Senators fled town one week early for what is shaping up to be a nail-biter midterm election with Republicans poised to pick up a significant number of seats, according to the experts, and the outcome could have more of an immediate impact on legislation than most people think.

There are three special elections this cycle that will result in the winners being seated immediately for a lame duck session set to begin November 15, and depending on the outcome of those highly-contested races, the fate of the majority's agenda could be very much in jeopardy.

Majority Leader Harry Reid, D-Nev., prioritized food safety and energy legislation for the session, but the real fight is looming over whether or not to extend the expiring Bush tax cuts and what to do about the 12 annual spending bills.

With the Supreme Court's recent refusal to block a lower court's ruling that set up a special election for President Obama's former Senate seat, appointed Sen. Roland Burris, D-Ill, joins two other Democratic appointees who are now officially retired: Sens. Ted Kaufman, D-Del., and West Virginia's shortest tenured senator, Carte Goodwin, a Democrat appointed to replace the late Robert C. Byrd.

In Illinois, the Democrat, Alexi Giannoulias, advocates a return of higher tax rates for the wealthy, a position favored by Reid and the White House. "Republicans (and some Democrats) are holding middle class tax cuts hostage unless the top 2% of Americans get a massive new tax break. I strongly oppose any efforts to deprive the middle class of much-needed tax relief," the Democrat says on his website.

Meanwhile, Rep. Mark Kirk, the Republican challenger in that race, supports extending all of the Bush tax cuts and, in fact, repeatedly touts his record of cutting taxes 40 times. Kirk, who is up slightly in a Real Clear Politics average of polls, is already promising Illinois voters in this television ad that should they return him to Washington as the "42nd senator," he won't vote for anything during the lame duck, warning against a possible VAT tax, the so-called "card check" legislation that makes unionizing easier, and "a huge all in one spending bill riddled with earmarks."

Democrats deny these measures are on the agenda for the lame duck.

West Virginia's popular Democratic governor, Joe Manchin, who is now in a "toss up" race for the Senate seat against wealthy businessman John Raese, according to Cook Political Report, broke the news first to Fox News that he supports an extension of all the tax cuts during these hard economic times, a position that puts him squarely in line with his opponent. Likely the two would differ if there is an option to make all of the cuts permanent, but that remains unclear.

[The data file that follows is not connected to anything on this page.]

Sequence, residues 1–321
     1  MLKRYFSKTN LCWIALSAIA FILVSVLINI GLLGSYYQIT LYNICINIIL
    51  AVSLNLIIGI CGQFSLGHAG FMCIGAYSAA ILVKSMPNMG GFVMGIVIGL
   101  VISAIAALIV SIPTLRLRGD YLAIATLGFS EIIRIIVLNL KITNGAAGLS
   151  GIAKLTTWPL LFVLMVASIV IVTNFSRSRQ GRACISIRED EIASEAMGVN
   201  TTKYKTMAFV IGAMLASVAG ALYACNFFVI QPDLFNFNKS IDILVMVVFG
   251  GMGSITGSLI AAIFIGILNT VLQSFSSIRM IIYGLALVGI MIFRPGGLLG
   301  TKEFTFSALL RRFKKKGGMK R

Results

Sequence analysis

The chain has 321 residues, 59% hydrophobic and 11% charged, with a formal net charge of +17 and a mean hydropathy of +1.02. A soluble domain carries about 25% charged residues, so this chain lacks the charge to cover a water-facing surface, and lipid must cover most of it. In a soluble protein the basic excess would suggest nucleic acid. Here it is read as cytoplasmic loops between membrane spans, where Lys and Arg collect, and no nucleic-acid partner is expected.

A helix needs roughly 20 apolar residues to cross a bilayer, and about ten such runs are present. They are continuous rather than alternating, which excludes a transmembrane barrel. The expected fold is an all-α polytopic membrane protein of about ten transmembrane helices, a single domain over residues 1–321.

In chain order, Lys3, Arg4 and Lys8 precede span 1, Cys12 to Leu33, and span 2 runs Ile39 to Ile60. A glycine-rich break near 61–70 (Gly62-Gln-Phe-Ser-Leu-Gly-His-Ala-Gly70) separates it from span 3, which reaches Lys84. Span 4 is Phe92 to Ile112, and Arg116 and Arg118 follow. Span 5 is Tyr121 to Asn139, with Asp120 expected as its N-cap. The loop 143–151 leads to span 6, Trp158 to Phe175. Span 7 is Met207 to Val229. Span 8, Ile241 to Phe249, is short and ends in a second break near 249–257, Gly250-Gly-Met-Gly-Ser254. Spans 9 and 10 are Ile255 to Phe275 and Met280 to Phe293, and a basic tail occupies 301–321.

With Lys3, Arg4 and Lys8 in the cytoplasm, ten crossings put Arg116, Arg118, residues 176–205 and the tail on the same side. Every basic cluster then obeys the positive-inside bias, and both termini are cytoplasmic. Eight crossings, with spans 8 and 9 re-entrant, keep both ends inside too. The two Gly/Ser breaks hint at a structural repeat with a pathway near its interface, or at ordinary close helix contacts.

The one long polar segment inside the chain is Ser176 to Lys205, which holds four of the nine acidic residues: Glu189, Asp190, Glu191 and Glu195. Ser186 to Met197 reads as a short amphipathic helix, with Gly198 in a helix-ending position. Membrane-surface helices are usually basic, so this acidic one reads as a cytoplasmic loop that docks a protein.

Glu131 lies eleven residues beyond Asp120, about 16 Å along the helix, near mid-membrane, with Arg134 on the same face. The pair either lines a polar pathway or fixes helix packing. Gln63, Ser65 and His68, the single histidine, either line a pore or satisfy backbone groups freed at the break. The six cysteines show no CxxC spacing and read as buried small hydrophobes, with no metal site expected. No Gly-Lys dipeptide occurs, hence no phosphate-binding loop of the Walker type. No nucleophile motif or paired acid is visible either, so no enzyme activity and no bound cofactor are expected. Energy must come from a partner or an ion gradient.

Still, Raese is trying to make the lame duck session an issue in the race, and his supporters warned in a local paper that deeply unpopular legislation to them like cap and trade and so-called "card check" legislation could also emerge.

Over in Delaware, though the Democrat, New Castle County Executive Chris Coons, holds a healthy lead in the polls, his tea party-backed opponent, Christine O'Donnell, is still in the race, and this campaign seasons has the feel of "anything can happen."

O'Donnell has made it clear she supports extending all of the Bush tax cuts, repeating a well-exercised GOP mantra that taxes should not be raised on anyone in a bad economy, no matter the impact on the deficit.

Coons takes a more nuanced approach, saying recently that he would not rule out bucking his party on whether or not to extend all of the Bush tax cuts, though he clearly prefers a middle-class-only approach favored by the president.

"With votes on ‘Don't ask, don't tell' and the Bush tax cuts already planned, Democrats need every vote in that session if we are to take on the challenges we face as a state and a nation," Coons warned his supporters in a recent mail.

"Our first priority is to reduce the tax burden on the middle class," Coons said on MSNBC, saying he opposes extending cuts for the wealthy, but then when asked if he would vote for a temporary extension of the cuts, he said he would consider it if it was the only thing offered.

And, indeed, there is a healthy coalition of moderates that supports a temporary extension, and the minority leader, Mitch McConnell of Kentucky, has said he would support a temporary extension if that is the only shot members get at dealing with the Bush tax cuts.

Senate Democrats could easily find themselves stymied by a GOP-led filibuster on all fronts during lame duck, particularly as it seems Reid could find himself moving farther away from a 60-vote majority, the number of votes needed to break a filibuster. 

A number of Democrats have, over this session, tried to find a way to eliminate the gridlock-inducing procedure, but Kaufman, a long time top aide to then-Sen. Joe Biden, D-Del., in his final floor speech, had a different message. The unassuming appointee said that despite all of the bitter partisanship of late, the filibuster should remain to protect the minority, adding, "I continue to have faith that out of the debates of the Senate, the fights we're having now, out of the frustrations of some of the intransigence of others, we will eventually find our way toward the next great compromise we need to solve so many of our problems, compromises that will keep America great."